Alejandro Page


(Nothing but) Flowers


Talking Heads

David Byrne, the lead singer of the Talking Heads, wrote this post-apocalyptic song about replacing all the stuff we don't need with stuff that would be much better. Irony wrote from a clever vantage point; Byrne compares the earth without materialism to a garden of Eden and humans as Adams and Eves.

"(Nothing But) Flowers" was released as a single from Naked, the eighth and last Talking Heads album. The video was directed by David Byrne and Sandy McLeod, a filmmaker who worked on Talking Heads' 1984 concert movie Stop Making Sense. In the video, the band is joined by the musicians who played on the track, including Johnny Marr and Kirsty MacColl. As they perform in a studio setting, they are overlayed with design typography enhancing the visuals with various statements, factoids and words from the lyrics.


(Nothing but) Flowers



A 1971 survival film directed by Nicolas Roeg starring Jenny Agutter, Luc Roeg, and David Gulpilil. Walkabout was released internationally by 20th Century Fox and was one of the first films in the Australian New Wave cinema movement. Alongside Wake in Fright, it was one of two Australian films entered in competition for the Grand Prix du Festival at the 1971 Cannes Film Festival.


Drama Adventure

Plot Synopsis

A young sister and brother are abandoned in the harsh Australian outback. In this hypnotic masterpiece from Nicolas Roeg, they must learn to cope in the natural world without their usual comforts. The movie takes its title from a custom among the Australian aborigines: During the transition to young manhood, an adolescent aboriginal went on a "walkabout" of six months in the outback, surviving (or not) depending on his skills at hunting, trapping and finding water in the wilderness. Walkabout is a thrilling adventure and a provocative rumination on time and civilization.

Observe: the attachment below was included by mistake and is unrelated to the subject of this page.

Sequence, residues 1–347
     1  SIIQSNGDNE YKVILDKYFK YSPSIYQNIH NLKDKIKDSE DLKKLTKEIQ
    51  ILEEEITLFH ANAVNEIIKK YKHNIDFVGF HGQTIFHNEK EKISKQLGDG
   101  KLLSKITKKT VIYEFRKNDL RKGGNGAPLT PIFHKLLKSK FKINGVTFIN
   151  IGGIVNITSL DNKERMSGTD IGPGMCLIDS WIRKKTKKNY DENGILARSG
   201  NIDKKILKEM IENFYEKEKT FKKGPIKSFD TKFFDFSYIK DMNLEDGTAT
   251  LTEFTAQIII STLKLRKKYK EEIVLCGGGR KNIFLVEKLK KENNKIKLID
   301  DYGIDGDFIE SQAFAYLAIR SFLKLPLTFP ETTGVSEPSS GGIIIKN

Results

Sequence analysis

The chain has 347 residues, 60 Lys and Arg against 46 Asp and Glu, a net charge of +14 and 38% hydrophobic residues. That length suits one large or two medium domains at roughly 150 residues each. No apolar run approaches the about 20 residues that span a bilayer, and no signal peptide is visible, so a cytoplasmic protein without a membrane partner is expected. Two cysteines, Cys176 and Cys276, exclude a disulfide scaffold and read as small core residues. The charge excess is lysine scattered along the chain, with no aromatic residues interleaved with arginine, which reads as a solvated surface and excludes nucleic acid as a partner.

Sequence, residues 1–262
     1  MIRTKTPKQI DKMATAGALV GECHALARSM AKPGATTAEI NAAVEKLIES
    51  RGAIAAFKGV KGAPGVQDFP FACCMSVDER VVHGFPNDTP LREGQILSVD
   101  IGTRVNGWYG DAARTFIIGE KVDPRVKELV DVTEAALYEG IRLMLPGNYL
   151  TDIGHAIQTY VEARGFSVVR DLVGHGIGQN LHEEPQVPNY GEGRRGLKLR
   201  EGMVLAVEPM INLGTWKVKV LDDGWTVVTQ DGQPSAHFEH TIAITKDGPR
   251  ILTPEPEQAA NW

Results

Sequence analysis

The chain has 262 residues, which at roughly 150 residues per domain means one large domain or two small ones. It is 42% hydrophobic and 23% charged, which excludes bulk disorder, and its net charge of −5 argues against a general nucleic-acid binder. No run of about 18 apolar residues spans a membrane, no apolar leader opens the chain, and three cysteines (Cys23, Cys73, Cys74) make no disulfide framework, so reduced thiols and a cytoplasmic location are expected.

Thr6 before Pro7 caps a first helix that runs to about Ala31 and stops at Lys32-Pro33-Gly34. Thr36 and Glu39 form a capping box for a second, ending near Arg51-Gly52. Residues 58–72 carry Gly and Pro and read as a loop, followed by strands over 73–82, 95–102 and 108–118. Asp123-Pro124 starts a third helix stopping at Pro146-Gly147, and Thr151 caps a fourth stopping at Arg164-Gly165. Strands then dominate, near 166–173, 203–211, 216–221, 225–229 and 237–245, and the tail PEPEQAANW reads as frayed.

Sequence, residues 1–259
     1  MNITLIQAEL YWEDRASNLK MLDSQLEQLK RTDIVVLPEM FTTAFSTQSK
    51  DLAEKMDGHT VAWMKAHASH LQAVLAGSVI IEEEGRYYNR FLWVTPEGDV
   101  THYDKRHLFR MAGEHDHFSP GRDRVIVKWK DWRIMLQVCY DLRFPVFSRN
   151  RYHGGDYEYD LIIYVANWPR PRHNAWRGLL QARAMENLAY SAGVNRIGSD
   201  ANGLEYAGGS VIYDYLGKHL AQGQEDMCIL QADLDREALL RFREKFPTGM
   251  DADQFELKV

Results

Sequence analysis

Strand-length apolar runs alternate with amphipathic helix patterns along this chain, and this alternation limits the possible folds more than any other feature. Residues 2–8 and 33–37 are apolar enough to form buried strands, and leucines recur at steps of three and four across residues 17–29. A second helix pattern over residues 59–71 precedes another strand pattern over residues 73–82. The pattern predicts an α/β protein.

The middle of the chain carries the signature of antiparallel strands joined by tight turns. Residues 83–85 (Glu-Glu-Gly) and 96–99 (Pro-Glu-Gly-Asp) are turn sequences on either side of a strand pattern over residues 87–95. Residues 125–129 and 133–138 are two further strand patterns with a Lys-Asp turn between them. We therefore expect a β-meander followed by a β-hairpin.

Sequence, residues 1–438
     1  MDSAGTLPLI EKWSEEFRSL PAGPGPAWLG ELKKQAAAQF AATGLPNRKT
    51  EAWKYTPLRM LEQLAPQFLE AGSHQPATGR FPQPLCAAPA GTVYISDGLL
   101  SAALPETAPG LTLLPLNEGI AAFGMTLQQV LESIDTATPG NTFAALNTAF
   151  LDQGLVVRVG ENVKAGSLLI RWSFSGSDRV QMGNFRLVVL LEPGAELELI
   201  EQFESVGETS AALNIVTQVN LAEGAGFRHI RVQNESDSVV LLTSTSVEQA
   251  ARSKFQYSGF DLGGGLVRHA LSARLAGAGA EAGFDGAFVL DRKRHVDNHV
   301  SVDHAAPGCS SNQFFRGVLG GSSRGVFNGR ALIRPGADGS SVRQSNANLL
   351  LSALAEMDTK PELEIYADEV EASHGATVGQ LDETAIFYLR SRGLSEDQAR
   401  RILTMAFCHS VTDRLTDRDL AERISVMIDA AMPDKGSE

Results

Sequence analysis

Fun Facts

• Composed and conducted by the acclaimed British film composer John Barry, the romantic and hallucinogenic orchestral music has long been regarded as a pinnacle of 1970s film scoring.

• Walkabout features animal hunting and killing scenes, such as a kangaroo being speared and bludgeoned to death.

• The film is an example of Roeg's well-defined directorial style, characterized by solid visual composition from his experience as a cinematographer, combined with extensive cross-cutting and the juxtaposition of events, location, or environments to build his themes.

• The film includes scenes of nudity featuring Jenny Agutter, who the British Board of Film Classification (BBFC) surmised was 17 years old at the time of filming. In 2011, the BBFC reviewed the scenes and considered them not to be indecent and passed the film uncut.

• In 2005, the British Film Institute included the "50 films you should see by the age of 14".


Walkabout (BFI Trailer)

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